Strangely, the shy phoebes like best to nest in the barn, in spite of my partner frequently playing music and our wood stacking and other noisy activities. They arrow in and out of several broken windows when the barn is shut, but on days when we’re working, they use the same door we do. Because of them, the cool barn is a haven of shade and free of flies and mosquitoes. We know where the nest is, but we’re careful to ignore it and whichever motionless parent is sitting on the eggs when we happen to be present. Even the nestlings are still and silent as stone when we enter. The phoebes are currently raising their second brood, and their first set of offspring darts all over the place, hunting insects and filling the days with their distinctive cry, which gives them their name.

The bones of summer in this place mingle with my own bones. We are a bruise, a scratch, a sticky film on the skin, a sly mosquito bite. We are birds strung on the lace of trees; the private life of snake, shrew, salamander and woodchuck; the determined persistence of insects. We are tree and water and moss-covered stone. We are the smell of rotten wood, of sweat, of blossom. We are the breeze in the tree, the sound of the phoebe questing for insects, the tapping woodpecker, the hunting hawk’s cry as it circles, and the clamor of the tools we use to work on our land.

The days saunter through the season, leading me forward by the hand, and I follow, stopping every now and then to collect and record the ravishing experience we call life in words, and each word is a miniscule bone, too, each page a scatter of tiny bony seeds that wait for warmth and light, water and the soil of life and death in order to take root, grow, blossom, fruit and die, again … and again … and again.

All content on this site ©2017
Jennifer Rose
except where otherwise noted

 

Cultural Appropriation

This week I want to explore the idea of cultural appropriation . In the linked article, cultural appropriation is defined as “Taking intellectual property, traditional knowledge, cultural expressions, or artifacts from someone else’s culture without permission. This can include unauthorized use of another culture’s dance, dress, music, language, folklore, cuisine, traditional medicine, religious symbols, etc.” This definition provides a useful starting point, but it begs a couple of important questions I want to address.

I intend to approach cultural appropriation from two different directions. I begin with a story I wrote years ago for oral telling. The story was inspired by the wonderful children’s author and illustrator Eric Carle . He wrote and illustrated several books, among them ‘Draw Me a Star’. As a parent and librarian, I’ve bought, recommended and read aloud his books hundreds of times. You can look at ‘Draw Me a Star’ here .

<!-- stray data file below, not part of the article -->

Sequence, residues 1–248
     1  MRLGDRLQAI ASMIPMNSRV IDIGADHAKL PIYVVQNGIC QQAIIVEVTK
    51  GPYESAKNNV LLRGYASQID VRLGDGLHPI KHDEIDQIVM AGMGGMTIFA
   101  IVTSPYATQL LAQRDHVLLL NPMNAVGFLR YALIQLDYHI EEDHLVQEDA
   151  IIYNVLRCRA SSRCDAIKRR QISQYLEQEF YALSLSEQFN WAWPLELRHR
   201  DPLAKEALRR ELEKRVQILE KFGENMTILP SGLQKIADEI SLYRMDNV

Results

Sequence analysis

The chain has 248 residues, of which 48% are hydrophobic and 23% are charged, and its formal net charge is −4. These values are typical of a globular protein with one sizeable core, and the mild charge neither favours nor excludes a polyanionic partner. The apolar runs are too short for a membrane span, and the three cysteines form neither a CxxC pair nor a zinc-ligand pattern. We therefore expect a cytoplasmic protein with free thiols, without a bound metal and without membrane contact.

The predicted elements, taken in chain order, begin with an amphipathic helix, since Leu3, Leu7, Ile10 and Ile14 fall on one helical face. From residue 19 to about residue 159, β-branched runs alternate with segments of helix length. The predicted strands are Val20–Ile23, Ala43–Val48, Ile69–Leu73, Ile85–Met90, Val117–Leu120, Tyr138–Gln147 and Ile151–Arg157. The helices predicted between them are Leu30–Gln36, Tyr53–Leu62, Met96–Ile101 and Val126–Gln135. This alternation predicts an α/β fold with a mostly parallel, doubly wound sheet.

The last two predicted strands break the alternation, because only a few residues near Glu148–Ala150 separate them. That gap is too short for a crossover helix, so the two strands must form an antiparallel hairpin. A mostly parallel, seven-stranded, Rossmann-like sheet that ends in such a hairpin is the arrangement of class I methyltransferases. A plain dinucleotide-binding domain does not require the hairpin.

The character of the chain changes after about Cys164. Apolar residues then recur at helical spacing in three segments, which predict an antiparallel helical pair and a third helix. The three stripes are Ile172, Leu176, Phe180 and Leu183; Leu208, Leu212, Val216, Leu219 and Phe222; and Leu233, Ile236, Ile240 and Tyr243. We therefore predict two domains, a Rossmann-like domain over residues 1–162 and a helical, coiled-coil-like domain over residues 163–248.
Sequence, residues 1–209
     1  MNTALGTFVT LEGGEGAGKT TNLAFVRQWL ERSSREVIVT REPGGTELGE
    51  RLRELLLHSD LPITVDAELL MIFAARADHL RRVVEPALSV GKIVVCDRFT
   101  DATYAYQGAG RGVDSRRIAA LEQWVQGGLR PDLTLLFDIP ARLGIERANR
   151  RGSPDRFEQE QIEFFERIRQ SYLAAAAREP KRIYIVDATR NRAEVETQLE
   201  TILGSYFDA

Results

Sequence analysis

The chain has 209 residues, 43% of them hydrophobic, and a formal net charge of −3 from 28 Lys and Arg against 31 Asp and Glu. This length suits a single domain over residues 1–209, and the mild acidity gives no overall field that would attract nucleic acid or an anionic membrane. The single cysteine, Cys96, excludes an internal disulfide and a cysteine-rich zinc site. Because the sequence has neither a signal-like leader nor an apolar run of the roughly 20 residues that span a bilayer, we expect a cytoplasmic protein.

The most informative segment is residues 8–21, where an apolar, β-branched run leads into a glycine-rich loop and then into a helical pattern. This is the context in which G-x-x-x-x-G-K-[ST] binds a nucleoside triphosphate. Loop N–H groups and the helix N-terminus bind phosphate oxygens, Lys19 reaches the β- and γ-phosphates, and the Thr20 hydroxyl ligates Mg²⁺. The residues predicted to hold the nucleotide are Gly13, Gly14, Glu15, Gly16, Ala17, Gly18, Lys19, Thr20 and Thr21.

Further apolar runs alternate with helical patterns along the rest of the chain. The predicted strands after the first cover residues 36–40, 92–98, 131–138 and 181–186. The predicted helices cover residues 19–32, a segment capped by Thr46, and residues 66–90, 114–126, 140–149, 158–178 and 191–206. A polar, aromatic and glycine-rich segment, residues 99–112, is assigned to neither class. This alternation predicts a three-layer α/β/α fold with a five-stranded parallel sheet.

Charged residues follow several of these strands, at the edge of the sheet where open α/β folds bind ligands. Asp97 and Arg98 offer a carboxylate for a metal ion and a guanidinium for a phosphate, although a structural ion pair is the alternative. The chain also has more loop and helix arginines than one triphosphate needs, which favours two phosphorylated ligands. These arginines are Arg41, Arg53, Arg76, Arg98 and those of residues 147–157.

The Artist

“Sing me a star …”
And the Artist sang a star.
It was a shining star.
“Color me a sun,” said the star.
And the Artist colored a glowing sun, a golden lion, a hillside of orange poppies, a burning fire, and a feather.
It was a red feather.
“Weave me a tree,” said the feather.
And the Artist wove branches and leaves and pieces of sky into a tree, and She wove fields and forests and deep, invisible roots, and a spider’s web.
“Build me a fence,” said the spider.
And the Artist built a fence and sculpted rocks and ice and sand and snow into a world.
It was a glorious world.
“Tell me a story,” said the world.
And the Artist began, “Once upon a time …”
It was a wonderful story.
“Tell me some more!”
So the Artist made all kinds of people to share all kinds of stories.
They were strong people.
The people said, “Teach us what love is.”
And the Artist said,
“Sing me a star …”

Now set your burdens down for an hour and dance with me. Here’s the sound track I made for our community dance last Monday evening.

Symphony of the Forest and Mysterious Island, by Kitaro ,a Japanese artist.
Maryam, by Hamza Shakkur, from the soundtrack to the movie Bab’ Aziz , a Tunisian foreign film.
Aye Lon Lon Vadjro, by Angelique Kidjo , an African artist.
Kozuma, by Professor Trance and the Energizers , who perform multicultural Trance Dance music.
Stars Align, by Lindsey Stirling , an American violinist.